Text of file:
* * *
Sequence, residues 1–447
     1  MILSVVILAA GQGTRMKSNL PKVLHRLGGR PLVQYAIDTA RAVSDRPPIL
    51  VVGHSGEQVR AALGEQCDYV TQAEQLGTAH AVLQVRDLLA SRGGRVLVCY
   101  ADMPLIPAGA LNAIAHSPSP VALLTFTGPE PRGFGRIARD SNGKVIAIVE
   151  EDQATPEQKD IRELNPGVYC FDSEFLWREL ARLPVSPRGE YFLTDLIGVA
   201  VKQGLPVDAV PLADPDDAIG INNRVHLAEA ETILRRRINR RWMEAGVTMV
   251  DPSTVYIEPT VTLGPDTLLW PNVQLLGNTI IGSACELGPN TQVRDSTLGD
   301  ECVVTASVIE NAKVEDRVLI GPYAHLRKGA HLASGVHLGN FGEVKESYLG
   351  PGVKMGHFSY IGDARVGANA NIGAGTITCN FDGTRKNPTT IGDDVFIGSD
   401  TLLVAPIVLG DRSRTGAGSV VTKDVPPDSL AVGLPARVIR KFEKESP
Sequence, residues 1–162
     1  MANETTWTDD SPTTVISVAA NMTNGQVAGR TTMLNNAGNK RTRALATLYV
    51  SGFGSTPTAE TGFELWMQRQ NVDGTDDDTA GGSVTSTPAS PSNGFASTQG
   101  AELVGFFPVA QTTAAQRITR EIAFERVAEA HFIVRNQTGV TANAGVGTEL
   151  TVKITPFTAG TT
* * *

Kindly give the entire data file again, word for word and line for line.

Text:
Sequence, residues 1–447
     1  MILSVVILAA GQGTRMKSNL PKVLHRLGGR PLVQYAIDTA RAVSDRPPIL
    51  VVGHSGEQVR AALGEQCDYV TQAEQLGTAH AVLQVRDLLA SRGGRVLVCY
   101  ADMPLIPAGA LNAIAHSPSP VALLTFTGPE PRGFGRIARD SNGKVIAIVE
   151  EDQATPEQKD IRELNPGVYC FDSEFLWREL ARLPVSPRGE YFLTDLIGVA
   201  VKQGLPVDAV PLADPDDAIG INNRVHLAEA ETILRRRINR RWMEAGVTMV
   251  DPSTVYIEPT VTLGPDTLLW PNVQLLGNTI IGSACELGPN TQVRDSTLGD
   301  ECVVTASVIE NAKVEDRVLI GPYAHLRKGA HLASGVHLGN FGEVKESYLG
   351  PGVKMGHFSY IGDARVGANA NIGAGTITCN FDGTRKNPTT IGDDVFIGSD
   401  TLLVAPIVLG DRSRTGAGSV VTKDVPPDSL AVGLPARVIR KFEKESP
Sequence, residues 1–162
     1  MANETTWTDD SPTTVISVAA NMTNGQVAGR TTMLNNAGNK RTRALATLYV
    51  SGFGSTPTAE TGFELWMQRQ NVDGTDDDTA GGSVTSTPAS PSNGFASTQG
   101  AELVGFFPVA QTTAAQRITR EIAFERVAEA HFIVRNQTGV TANAGVGTEL
   151  TVKITPFTAG TT